Why does "Turbo Sport" make you fill out a form that takes a few minutes to fill out (i.e. they ask you for much data). What's worse, you have no idea what for are they using your data or how safely it is stored. Then I didn't bother to search for it, but I don't even think that there was some kind of privacy policy written on the membership form.

Croatia does have some regulations about securing personal data (I'm not acquainted with them at all), but I don't think that any law can forbid organizations to collect personal data. In the end, everyone gives it out volountarily when asked to.

And oh, BTW, I really like Subway's sandwiches. Much better (both in the terms of taste and ingredients) than McDonald's products :)


Ubuntu criticism

Yesterday I've installed Ubuntu 5.10 on a friend's recommendation. Some things I want to work on are simply not compilable at all under FreeBSD. Friend really praised Ubuntu 5.10 (currently in preview), so I said, what the heck, I might as well try it. Note that I was warned upfront that this is a preview version, but he said that everything was working perfectly on his laptop. I have Dell Latitude D800 with a Broadcom wireless card.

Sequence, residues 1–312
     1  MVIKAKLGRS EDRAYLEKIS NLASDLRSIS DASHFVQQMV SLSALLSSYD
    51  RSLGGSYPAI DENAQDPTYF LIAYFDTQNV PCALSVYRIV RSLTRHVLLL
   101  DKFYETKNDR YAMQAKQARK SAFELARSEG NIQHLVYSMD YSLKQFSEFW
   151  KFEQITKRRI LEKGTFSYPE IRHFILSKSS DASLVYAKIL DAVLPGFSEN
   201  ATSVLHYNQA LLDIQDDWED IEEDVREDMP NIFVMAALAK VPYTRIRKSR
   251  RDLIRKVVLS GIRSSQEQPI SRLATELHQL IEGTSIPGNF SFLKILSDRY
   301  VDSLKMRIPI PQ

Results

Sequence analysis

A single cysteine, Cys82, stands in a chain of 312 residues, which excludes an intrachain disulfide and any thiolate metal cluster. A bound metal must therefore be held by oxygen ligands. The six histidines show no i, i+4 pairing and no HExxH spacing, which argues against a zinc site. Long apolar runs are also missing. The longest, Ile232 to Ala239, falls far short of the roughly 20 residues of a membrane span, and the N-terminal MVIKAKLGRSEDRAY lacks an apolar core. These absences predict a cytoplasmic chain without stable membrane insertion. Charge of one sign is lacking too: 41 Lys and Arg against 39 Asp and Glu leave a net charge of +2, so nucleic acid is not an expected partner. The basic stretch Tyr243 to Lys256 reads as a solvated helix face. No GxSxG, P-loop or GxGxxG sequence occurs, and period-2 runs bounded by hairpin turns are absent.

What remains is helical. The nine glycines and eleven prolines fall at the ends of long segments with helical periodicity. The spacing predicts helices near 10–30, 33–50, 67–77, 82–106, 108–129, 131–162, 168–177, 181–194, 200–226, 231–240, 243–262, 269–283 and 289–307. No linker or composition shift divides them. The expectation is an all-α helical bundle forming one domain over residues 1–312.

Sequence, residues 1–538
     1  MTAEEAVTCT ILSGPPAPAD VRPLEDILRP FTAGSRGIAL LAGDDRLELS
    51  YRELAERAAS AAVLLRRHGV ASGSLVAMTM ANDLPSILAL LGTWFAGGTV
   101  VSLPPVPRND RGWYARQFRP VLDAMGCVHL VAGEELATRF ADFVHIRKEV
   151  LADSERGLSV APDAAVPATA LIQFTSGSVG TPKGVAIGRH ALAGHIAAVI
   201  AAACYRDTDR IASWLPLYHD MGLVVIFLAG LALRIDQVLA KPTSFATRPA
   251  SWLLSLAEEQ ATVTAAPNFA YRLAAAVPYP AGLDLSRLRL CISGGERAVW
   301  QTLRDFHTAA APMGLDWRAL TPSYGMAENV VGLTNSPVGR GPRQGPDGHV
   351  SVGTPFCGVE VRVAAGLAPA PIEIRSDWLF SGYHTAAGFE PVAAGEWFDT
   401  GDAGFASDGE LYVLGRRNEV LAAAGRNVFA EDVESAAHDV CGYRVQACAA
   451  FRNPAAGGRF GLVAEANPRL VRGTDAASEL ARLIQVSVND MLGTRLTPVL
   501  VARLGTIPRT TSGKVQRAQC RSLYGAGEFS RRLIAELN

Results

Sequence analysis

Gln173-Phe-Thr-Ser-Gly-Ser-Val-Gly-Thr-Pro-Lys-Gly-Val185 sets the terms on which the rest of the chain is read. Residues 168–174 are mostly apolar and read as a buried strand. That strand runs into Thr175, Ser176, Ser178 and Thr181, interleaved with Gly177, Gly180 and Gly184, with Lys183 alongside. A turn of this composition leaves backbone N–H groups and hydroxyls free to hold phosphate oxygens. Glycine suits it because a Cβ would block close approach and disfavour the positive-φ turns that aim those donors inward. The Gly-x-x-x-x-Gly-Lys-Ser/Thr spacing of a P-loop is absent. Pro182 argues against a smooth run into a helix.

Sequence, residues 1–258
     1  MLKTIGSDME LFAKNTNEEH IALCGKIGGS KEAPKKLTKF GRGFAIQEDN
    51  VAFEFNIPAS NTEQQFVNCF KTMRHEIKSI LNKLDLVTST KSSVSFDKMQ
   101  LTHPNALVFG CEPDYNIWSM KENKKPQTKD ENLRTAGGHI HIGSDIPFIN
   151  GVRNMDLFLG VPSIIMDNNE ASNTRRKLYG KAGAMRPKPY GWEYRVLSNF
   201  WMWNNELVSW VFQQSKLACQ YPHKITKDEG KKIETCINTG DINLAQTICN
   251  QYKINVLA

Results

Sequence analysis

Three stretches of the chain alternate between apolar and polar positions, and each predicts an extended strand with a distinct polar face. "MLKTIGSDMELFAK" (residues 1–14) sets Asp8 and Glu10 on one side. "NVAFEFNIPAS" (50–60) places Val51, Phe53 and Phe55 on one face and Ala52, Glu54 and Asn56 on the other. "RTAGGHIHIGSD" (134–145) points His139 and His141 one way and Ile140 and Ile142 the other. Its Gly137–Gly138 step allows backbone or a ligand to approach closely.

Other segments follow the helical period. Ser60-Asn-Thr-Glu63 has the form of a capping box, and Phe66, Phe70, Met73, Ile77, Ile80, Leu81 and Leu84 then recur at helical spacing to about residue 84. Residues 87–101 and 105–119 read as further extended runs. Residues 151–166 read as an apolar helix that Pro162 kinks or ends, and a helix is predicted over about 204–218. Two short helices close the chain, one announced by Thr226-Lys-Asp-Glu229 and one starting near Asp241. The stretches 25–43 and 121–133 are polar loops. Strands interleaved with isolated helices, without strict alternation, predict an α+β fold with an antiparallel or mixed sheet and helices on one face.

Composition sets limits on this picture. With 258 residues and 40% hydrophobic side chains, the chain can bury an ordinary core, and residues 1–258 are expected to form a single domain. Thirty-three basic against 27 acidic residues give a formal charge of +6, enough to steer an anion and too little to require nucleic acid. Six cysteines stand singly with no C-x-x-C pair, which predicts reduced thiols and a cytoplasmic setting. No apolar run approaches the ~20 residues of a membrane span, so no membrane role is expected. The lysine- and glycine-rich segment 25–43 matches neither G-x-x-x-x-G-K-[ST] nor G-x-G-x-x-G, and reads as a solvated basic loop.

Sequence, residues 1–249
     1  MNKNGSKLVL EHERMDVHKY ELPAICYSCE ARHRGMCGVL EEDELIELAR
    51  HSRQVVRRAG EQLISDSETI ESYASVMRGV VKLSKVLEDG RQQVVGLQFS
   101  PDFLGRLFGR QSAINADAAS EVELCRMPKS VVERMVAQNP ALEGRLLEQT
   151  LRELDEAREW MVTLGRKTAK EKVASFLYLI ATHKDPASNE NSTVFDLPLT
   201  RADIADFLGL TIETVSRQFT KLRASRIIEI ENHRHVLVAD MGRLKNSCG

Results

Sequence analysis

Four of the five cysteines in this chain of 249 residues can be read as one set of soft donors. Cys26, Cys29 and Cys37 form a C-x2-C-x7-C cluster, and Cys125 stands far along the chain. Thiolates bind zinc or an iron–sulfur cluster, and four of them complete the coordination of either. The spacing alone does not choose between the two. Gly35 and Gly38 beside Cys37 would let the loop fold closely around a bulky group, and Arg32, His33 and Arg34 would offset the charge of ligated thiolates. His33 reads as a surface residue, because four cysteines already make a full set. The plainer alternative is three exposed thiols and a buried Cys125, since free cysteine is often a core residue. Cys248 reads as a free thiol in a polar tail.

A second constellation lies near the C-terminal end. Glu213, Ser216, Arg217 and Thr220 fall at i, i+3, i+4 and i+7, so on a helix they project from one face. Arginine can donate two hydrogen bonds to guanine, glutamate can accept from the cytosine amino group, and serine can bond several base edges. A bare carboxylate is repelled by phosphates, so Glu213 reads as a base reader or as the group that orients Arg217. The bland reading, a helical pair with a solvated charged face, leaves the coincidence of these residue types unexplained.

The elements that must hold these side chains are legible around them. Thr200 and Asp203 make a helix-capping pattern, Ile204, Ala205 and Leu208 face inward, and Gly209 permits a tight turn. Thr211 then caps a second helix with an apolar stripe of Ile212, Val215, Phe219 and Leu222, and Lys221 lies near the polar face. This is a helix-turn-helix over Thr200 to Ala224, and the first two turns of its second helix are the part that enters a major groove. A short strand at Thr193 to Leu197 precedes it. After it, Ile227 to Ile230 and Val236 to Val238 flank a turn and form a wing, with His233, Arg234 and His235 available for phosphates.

During the installation, I've set my location to Oslo. This resulted in using Norway ubuntu mirrors in /etc/apt/sources.list. These repositories were not usable for some reason I didn't want to investigate. On friend's suggestion, I've pointed the APT sources file to US mirrors and things started working OK.

I'm disappointed that, although they boast about fresh software packages, they only have tetex 2 in their .deb packages. I had to compile on my own tetex 3.